Using that standard of comparison this book looks hard at two ways that choice might do harm, not good, from the perspectives of educational equity and quality. The first is that choice might exacerbate segregation of students by race or income. This would violate the constitutional principles established by Brown v. Board of Education; worse, it would probably imply that children of different races and income groups would be educated in different ways and to different standards. The second potential harm we examine is a decline in the quality of regular neighborhood public schools, which could harm children left behind in those schools even as children whose families were quick to choose benefited.
We focus on these two potential harms of choice because most other objections stem from them. For example, some fear that choice might lead to a balkanization of society resulting from differences in children's educational experiences. That claim goes beyond the segregation argument, to assert (counter to American experiences with graduates of parochial schools) that people from different educational backgrounds cannot engage in democratic discourse. But the claim starts with the assertion that choice will lead to the sorting of children by race, sex, religion, and other characteristics. If this does not happen, the "balkanization" argument loses its main premise.
Chapters 3 and 4 address the segregation issue from the point of view of real-world choice programs. In Chapter 3, Paul E. Peterson, David E. Campbell, and Martin R. West compare the characteristics of applicants to a national privately funded voucher system, the national Children's Scholarship Fund, with the characteristics of a national sample of the eligible population. They also compare those who use the vouchers with those who were offered vouchers but did not use them. They find that voucher applicants are in general modestly advantaged relative to eligible nonapplicants, although African Americans are especially likely to apply. The main factor driving voucher applicants appears to be dissatisfaction with the public school that a family's children attend. Among families that are offered vouchers, the families most likely to use them are Catholic. Families in communities with large numbers of private schools are also more likely to use a voucher if it is offered. Peterson and his colleagues find no evidence that this voucher program has contributed to racial segregation in the public schools. To the contrary, by helping poor and minority students attend private schools, the Children's Scholarship Fund has increased the numbers of minority and economically disadvantaged students in public schools and has also increased their numbers in private schools.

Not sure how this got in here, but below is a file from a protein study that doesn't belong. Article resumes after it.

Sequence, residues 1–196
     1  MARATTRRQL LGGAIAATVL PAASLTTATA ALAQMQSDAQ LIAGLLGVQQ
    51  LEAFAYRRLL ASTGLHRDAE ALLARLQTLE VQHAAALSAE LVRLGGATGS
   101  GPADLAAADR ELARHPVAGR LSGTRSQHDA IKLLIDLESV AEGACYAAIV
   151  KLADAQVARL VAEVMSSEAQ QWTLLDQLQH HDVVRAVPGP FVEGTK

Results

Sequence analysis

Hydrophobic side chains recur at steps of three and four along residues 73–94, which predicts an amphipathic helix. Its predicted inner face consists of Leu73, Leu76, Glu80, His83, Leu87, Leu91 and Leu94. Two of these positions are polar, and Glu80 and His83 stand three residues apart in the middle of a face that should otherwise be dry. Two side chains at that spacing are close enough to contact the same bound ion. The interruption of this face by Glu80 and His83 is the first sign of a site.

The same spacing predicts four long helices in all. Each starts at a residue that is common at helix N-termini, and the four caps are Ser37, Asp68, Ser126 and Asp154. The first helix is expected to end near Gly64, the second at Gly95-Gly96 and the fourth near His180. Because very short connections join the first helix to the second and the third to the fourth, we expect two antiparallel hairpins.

Excerpted from Choice with Equity by Paul T. Hill. Copyright © 2002 Board of Trustees of the Leland Stanford Junior University. Excerpted by permission of Hoover Institution Press.